The report, The Carbon Capture Crux – Lessons Learned, assessed the performance of 13 flagship large-scale carbon capture and storage (CCS)/carbon capture utilisation and storage (CCUS) projects.
According to author Bruce Robertson, seven of these projects have underperformed, two failed, and one was mothballed.
The Schute Creek project in the US was found to have underperformed its capacity by around 36% over its lifetime, Boundary Dam in Canada by about 50%, and the Gorgon project off the coast of Western Australia by about 50% over its first five-year period.
Two more successful projects – Slepiner and Snohvit – are both located in Norway, a country with a unique regulatory environment for oil and gas companies.
Commenting on report, Milad Mousavian, co-author, said, “Governments globally are looking for quick solutions to the current energy and ongoing climate crisis, but unwittingly latching onto CCS as a fix is problematic.”
Having been employed in industry for approximately 50 years, CCS has only recently been explored as an option to reduce emissions.
Historically, CCS has been used by oil companies through enhanced oil recovery (EOR), a process which involves reinjecting captured CO2 into oil fields to push more oil and gas out of the ground, resulting in the production of further CO2 emissions.
The IEEFA report revealed that of the 39 million tonnes of CO2 that is captured annually from processing natural gas, industrial applications and power generation, 73% is used for EOR.
Robertson explained that although the technology has a role to play, it shouldn’t be relied upon to meet Net Zero targets.
“…continues to overstate and underperform.”
“Many international bodies and national governments are relying on carbon capture in the fossil fuel sector to get to Net Zero, and it simply won’t work.”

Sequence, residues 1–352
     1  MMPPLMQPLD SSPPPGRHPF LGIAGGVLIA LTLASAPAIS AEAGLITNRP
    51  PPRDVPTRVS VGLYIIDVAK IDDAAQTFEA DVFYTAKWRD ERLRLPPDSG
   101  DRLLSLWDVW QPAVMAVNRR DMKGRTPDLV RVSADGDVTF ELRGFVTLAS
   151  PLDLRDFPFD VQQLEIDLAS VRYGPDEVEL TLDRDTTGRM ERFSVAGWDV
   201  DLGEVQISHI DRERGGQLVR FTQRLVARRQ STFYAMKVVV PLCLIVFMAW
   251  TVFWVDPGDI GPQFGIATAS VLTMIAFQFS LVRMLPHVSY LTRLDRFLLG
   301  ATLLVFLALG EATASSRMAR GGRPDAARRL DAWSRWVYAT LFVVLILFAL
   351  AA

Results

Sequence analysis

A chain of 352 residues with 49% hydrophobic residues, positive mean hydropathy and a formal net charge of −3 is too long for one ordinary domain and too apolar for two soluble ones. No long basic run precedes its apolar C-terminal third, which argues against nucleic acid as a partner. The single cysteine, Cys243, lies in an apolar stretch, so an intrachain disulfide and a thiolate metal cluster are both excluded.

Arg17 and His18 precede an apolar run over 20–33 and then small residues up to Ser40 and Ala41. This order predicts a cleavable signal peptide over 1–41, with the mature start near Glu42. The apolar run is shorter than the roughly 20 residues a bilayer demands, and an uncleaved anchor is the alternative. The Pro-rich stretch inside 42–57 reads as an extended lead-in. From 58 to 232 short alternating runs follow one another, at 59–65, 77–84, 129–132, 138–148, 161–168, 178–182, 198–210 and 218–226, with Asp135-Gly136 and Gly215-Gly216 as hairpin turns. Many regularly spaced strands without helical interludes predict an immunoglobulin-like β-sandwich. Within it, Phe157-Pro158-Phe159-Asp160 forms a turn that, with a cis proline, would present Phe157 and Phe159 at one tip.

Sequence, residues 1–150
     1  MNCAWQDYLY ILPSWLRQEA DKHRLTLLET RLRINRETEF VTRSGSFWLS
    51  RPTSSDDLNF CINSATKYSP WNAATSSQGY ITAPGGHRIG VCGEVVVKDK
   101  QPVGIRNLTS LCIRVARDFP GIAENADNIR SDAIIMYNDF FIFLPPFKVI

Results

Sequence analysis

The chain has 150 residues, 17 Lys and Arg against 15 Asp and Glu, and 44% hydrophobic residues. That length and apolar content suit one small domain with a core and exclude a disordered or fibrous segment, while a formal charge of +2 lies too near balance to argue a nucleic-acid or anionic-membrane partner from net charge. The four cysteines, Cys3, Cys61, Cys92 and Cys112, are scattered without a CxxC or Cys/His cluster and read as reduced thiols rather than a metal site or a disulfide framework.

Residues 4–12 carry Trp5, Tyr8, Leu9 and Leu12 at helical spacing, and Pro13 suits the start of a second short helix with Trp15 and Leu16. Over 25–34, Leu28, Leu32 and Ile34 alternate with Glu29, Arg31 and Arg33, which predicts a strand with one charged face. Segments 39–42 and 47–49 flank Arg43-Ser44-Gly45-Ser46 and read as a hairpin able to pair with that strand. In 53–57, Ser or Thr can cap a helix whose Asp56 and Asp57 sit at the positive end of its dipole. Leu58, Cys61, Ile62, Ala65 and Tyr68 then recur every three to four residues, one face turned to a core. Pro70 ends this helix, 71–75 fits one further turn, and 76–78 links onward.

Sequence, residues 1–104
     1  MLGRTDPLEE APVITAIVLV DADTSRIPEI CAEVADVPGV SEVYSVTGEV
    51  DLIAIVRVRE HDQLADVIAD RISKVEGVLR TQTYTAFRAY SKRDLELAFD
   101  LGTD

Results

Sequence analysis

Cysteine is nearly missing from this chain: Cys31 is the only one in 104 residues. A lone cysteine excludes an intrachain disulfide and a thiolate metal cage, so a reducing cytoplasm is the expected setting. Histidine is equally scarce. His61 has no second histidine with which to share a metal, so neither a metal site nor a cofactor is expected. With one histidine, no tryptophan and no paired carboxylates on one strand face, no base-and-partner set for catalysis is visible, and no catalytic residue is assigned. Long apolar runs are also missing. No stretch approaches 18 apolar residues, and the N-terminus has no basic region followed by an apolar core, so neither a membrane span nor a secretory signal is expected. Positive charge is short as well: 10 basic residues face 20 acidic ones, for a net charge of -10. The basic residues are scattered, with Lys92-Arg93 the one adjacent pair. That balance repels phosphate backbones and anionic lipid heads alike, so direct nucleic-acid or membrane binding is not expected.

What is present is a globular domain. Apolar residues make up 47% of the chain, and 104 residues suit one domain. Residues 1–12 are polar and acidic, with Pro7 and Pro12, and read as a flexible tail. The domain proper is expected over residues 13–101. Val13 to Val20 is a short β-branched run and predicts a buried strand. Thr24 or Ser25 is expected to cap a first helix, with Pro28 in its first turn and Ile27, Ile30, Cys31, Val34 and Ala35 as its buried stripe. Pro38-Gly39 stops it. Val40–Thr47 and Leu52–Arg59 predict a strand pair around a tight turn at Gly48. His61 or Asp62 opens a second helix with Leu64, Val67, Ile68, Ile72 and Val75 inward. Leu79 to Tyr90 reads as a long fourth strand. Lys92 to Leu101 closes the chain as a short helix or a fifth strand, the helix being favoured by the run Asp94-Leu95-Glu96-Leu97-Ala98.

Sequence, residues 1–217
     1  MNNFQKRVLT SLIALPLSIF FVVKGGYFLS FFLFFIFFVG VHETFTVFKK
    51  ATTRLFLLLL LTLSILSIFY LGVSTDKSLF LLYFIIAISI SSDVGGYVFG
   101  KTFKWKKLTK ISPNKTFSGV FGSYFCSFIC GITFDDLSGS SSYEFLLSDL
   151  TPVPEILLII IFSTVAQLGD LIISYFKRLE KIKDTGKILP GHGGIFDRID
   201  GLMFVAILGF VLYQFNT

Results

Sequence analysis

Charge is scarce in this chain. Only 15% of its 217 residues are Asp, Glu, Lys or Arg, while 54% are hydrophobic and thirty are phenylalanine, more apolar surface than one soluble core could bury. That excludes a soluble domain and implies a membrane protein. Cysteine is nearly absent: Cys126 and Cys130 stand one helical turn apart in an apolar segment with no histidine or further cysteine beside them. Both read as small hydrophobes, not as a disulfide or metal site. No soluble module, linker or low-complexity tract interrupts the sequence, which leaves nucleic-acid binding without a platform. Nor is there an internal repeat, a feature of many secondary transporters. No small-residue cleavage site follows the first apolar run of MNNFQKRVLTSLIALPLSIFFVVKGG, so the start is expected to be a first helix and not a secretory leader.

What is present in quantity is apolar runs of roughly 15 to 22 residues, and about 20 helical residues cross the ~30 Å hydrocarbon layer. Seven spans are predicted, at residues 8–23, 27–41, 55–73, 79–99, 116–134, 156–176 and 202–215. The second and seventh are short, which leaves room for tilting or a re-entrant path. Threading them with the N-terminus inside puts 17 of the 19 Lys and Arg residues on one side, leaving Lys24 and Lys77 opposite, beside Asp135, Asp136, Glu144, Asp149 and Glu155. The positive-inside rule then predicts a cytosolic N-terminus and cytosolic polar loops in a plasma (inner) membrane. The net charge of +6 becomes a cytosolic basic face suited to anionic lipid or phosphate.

“Although some indication it might have a role to play in hard-to-abate sectors such as cement, fertilisers and steel, overall results indicate a financial, technical and emissions-reduction framework that continues to overstate and underperform.”
This is reflected by the International Energy Agency (IEA), which stated that annual carbon capture capacity needs to increase to 1.6 billion tonnes of CO2 by 2030 to align with the Net Zero by 2050 pathway.
“In addition to being wildly unrealistic as a climate solution, based on historical trajectories, much of this captured carbon will be used for EOR,” added Robertson.
Even when stored underground, trapped CO2 needs monitoring for centuries to reduce the risk of leaks, presenting further challenges.
To mitigate these risks, the report advises that future projects consider a long-term monitoring plan and compensation mechanism in case of failure.
It also discourages CCS projects from promoting EOR and calls for large oil and gas companies to be held liable for any failure/leakage and monitoring costs of CCS projects.
Suggesting that more research should be done on CCS applications for hard-to-abate industry, Robertson added, “as a solution to tackling catastrophic rising emissions in its current framework however, CCS is not a climate solution.”